Fuel oil non-availability reports (FONAR) are not a ‘free pass’ to use or carry non-compliant high-sulphur fuel from 2020, according to the International Chamber of Shipping (ICS).
The warning to shipowners follows the decision by IMO’s Pollution Prevention and Response (PPR) sub-committee that FONARs can be used even when compliant fuel is available if shipowners can show safety or operational concerns.
The decision means that port state control will consider whether a ship can safely handle an alternative compliant fuel – such as a 0.1% sulphur gas oil instead of a 0.5% low-sulphur fuel blend – where the first choice is not available. The decision will also take account of the need for tank cleaning to avoid compatibility issues. If concerns are found, a FONAR could be issued.
ICS deputy secretary general Simon Bennett said: “FONARs remain a tool of last resort and are not something that a ship will be able to use routinely. The circumstances in which a FONAR can be used are very limited and conditions attached to their use will be strict.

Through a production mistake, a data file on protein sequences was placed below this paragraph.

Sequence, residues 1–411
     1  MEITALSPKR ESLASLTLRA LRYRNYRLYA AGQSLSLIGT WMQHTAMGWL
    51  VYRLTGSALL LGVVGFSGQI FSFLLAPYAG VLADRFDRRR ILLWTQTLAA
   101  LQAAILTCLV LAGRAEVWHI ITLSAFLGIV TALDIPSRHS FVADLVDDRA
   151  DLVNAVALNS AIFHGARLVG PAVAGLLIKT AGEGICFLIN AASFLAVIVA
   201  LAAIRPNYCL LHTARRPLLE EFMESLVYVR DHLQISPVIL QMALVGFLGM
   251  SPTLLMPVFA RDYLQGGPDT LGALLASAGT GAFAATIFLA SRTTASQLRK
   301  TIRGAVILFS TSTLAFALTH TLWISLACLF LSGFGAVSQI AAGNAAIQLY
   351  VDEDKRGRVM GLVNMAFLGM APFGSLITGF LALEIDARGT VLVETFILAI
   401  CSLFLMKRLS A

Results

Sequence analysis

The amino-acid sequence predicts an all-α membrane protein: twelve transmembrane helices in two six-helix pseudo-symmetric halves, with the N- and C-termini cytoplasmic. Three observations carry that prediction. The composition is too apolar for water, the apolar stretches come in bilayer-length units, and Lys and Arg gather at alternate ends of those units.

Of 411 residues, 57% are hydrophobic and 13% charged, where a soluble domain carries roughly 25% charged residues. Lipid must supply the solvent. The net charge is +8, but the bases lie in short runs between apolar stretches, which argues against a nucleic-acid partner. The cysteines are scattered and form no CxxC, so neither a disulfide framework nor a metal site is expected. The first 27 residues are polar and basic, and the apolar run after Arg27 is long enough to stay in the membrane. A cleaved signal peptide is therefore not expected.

If a FONAR is issued, vessels should bunker the smallest possible amount of non-compliant fuel, ICS warned. Authorities at the next port of call may insist that such fuel is de-bunkered if compliant fuel is available there.
Ship operators must also provide evidence of safety and operational limitations during subsequent inspections after receiving a FONAR. Port state control will consider all relevant circumstances and evidence when deciding whether to detain a ship. These include the number of FONARs a ship has submitted in the past year, how many the operator has submitted for other ships and whether other ships on similar voyages have submitted reports.
The decision on the extended use of FONARs is part of draft guidelines on consistent implementation of the 0.5% sulphur limit, which were agreed by PPR6 last month. The IMO’s Marine Environment Protection Committee will decide whether to adopt them in its next meeting in May.